New York’s attorney general is investigating several major retailers, including the Gap, Target and Sears, on how they schedule their hourly wage workers.
The office of attorney general Eric Schneiderman sent letters last week to 13 retail chains asking for information about their so-called “on call shifts,” where employees are given very little advance notice on what hours they will be working.
Workers find out if they are scheduled for work just hours or the night before the start of a shift. If they are told to stay home, employees are not paid.
Such erratic schedules make it difficult for employees to manage their family needs such as child care or school schedules, according to the letter. It says workers on these shifts “experience adverse financial and health effects, as well as overall stress and strain on family life.”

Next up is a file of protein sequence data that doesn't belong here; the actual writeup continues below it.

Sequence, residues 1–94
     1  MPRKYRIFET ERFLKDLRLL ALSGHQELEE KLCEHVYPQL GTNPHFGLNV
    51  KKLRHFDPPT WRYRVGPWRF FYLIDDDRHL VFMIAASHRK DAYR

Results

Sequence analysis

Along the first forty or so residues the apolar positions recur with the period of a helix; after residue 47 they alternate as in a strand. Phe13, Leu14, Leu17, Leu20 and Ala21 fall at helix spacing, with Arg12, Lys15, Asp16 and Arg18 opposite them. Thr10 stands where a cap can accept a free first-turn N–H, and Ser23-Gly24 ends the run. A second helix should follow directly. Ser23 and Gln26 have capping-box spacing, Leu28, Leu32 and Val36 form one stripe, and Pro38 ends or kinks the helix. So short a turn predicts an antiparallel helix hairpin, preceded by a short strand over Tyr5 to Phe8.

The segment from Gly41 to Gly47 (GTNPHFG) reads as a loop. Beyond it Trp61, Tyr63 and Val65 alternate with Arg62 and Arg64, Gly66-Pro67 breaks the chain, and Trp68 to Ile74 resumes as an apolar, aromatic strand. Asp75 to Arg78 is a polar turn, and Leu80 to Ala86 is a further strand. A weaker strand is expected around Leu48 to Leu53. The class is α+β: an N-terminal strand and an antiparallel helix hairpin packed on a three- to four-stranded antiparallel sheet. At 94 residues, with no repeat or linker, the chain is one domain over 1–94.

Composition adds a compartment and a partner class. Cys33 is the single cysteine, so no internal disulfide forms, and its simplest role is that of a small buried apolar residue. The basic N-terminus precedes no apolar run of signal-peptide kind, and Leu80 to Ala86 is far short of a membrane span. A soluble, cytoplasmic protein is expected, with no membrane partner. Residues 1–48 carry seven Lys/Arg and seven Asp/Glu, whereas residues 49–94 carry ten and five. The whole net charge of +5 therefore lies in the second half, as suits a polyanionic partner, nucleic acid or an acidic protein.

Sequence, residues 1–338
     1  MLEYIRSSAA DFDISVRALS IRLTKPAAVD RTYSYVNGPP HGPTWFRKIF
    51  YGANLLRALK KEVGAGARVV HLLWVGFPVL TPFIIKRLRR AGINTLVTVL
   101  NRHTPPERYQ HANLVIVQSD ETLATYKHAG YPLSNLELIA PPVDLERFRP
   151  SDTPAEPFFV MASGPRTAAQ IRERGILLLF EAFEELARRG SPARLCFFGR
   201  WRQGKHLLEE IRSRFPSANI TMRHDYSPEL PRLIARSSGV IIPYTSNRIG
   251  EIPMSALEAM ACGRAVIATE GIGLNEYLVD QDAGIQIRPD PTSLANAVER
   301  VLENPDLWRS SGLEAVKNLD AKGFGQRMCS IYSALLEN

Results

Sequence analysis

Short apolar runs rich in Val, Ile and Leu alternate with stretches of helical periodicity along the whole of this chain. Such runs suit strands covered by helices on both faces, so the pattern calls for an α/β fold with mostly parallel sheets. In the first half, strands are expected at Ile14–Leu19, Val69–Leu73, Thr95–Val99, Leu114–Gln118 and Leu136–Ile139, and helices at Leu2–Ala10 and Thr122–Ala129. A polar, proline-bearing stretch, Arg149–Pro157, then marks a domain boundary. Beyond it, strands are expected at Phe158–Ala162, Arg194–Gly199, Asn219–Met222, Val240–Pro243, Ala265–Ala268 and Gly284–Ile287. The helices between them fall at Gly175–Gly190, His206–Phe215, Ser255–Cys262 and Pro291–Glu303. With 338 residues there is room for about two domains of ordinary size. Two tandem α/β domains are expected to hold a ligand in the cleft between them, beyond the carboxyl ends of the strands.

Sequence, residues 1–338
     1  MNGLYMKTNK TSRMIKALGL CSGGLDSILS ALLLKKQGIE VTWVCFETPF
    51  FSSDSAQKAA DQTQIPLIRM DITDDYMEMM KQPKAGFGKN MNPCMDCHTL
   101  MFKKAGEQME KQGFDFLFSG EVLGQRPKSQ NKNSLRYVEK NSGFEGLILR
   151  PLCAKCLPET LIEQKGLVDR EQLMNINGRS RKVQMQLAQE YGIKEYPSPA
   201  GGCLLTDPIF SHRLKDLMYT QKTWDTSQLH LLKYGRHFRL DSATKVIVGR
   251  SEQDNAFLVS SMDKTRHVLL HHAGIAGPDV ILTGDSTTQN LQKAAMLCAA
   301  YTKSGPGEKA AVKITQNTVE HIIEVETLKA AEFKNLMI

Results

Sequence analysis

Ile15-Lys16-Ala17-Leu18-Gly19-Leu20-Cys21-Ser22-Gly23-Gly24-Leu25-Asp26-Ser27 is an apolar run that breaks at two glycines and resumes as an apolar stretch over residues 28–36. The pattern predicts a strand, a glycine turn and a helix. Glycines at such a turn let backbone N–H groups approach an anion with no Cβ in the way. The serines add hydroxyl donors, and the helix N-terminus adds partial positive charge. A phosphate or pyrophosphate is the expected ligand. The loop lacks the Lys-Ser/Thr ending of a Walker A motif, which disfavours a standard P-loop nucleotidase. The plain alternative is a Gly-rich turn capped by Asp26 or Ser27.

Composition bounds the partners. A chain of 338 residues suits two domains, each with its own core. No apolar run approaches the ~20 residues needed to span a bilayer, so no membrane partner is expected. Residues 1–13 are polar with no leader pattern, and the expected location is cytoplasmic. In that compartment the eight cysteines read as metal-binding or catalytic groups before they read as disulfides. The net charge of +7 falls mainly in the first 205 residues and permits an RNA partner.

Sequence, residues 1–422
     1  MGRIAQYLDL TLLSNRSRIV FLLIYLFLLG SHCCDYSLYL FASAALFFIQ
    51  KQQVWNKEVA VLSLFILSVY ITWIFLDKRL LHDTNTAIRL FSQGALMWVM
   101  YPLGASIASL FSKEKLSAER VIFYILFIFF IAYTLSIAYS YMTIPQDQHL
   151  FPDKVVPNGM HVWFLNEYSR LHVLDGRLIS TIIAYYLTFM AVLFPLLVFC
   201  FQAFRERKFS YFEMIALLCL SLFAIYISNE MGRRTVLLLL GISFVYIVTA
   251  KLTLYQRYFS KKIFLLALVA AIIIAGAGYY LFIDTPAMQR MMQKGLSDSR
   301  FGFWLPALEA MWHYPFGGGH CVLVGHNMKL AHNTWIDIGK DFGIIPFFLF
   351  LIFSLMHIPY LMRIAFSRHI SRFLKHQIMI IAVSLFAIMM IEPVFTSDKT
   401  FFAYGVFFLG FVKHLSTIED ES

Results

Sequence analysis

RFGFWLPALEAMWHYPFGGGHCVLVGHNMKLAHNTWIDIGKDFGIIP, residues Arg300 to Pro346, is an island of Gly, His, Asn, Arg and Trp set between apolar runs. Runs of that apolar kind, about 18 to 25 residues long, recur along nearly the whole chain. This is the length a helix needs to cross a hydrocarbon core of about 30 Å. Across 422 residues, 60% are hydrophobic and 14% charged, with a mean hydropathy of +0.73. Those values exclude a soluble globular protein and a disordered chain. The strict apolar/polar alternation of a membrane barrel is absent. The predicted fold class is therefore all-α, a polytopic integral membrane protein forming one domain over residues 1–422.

Schneiderman’s office says it has received reports that a growing number of major retailers are using these on call systems to manage staff levels so they have more people when it’s busy and fewer when its slow.
In addition to Target and Sears, the letter was sent to Abercrombie & Fitch, Gap, Ann Taylor , Burlington Stores, Crocs, JC Penney, J. Crew Group, L Brands, TJX, Urban Outfitters and Williams Sonoma.
The letter notes that New York law requires any employee who reports for a scheduled shift to be paid for at least four hours at the minimum wage.
A spokesperson for Sears said the company is looking into the matter and plans to cooperate with the Attorney General. Representatives of the other companies did not immediately respond to requests for comment.